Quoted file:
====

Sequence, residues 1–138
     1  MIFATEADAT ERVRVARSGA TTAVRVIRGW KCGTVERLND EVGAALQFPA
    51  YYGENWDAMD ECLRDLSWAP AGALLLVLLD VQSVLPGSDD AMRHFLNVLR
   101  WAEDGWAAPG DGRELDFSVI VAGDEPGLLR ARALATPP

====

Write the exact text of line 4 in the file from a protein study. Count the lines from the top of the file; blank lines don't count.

   101  WAEDGWAAPG DGRELDFSVI VAGDEPGLLR ARALATPP